• Functions with only one argument can be defined without the use of parentheses enclosing the argument list.
  • Functions that have only one line in the body can drop the curly braces and have the body on the same line as the argument list and arrow.
  • The previous example could be rewritten more succintly with arrow functions.
  • document.addEventListener('DOMContentLoaded', () => { // Have each button change the color of the heading document.querySelectorAll('.color-change').forEach(button => { button.onclick = () => { document.querySelector('#hello').style.color = button.dataset.color; }; }); });
  • One last variation of this color example could use a drop-down menu to select color instead of buttons.
  • <html> <head> <script> document.addEventListener('DOMContentLoaded', () => { // Change the color of the heading when dropdown changes document.querySelector('#color-change').onchange = function() { document.querySelector('#hello').style.color = this.value; }; }); </script> </head> <body> <h1 id="hello">Hello!</h1> <select id="color-change"> <option value="black">Black</option> <option value="red">Red</option> <option value="blue">Blue</option> <option value="green">Green</option> </select> </body> </html>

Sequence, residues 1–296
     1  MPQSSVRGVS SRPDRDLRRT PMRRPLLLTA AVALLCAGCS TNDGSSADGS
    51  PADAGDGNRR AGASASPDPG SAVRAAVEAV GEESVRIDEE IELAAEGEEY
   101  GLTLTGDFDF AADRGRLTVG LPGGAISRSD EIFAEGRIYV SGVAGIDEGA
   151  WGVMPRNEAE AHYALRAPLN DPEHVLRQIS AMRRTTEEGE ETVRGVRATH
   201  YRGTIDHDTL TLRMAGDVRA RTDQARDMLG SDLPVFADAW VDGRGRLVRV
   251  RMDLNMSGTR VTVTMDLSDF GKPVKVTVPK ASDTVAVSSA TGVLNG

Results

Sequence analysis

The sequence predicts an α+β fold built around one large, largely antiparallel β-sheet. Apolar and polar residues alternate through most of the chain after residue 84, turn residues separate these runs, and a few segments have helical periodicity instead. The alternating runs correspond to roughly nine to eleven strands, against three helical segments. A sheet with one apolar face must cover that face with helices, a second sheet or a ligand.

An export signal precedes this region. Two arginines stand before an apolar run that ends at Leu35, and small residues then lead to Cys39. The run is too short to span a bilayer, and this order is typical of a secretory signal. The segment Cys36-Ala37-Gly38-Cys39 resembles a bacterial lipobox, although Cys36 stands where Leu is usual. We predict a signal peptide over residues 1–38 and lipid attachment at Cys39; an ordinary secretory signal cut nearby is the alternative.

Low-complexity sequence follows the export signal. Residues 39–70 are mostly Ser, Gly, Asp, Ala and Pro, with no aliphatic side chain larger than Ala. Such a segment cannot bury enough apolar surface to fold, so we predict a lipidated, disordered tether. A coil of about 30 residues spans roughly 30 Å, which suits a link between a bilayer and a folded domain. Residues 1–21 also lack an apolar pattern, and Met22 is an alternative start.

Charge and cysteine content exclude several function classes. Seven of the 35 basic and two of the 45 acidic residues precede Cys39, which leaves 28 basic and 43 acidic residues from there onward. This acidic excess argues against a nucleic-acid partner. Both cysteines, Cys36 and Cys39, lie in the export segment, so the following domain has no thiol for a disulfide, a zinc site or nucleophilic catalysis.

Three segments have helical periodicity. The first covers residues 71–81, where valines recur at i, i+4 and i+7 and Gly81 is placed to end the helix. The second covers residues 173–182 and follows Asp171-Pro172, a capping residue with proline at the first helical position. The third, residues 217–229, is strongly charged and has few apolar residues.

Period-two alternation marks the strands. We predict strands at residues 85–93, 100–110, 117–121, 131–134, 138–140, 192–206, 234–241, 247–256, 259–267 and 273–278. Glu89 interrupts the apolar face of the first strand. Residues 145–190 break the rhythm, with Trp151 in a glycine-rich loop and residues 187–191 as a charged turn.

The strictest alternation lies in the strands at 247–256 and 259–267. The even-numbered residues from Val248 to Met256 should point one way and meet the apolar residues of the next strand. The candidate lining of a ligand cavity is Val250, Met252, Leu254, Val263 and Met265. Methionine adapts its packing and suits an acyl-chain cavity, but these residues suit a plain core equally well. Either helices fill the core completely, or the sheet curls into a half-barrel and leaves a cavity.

• onchange is the event fired when the selection in a drop-down menu is changed.
  • this refers to whatever value the function is operating on, which in this case is document.querySelector('#color-change'), which is the drop-down menu itself. The selected item is extracted using the value attribute of the drop-down menu, which corresponds to one of the color options.
  • Note that using this with arrow functions will produce different behavior. this inside an arrow function will be bound to whatever value this would have taken on inside the code that is enclosing the arrow function. By writing out function (), then this takes on the value of whatever the function is being called on.

More with JavaScript

  • In the next example, the goal will to be create a to-do list application. Here’s the starting point: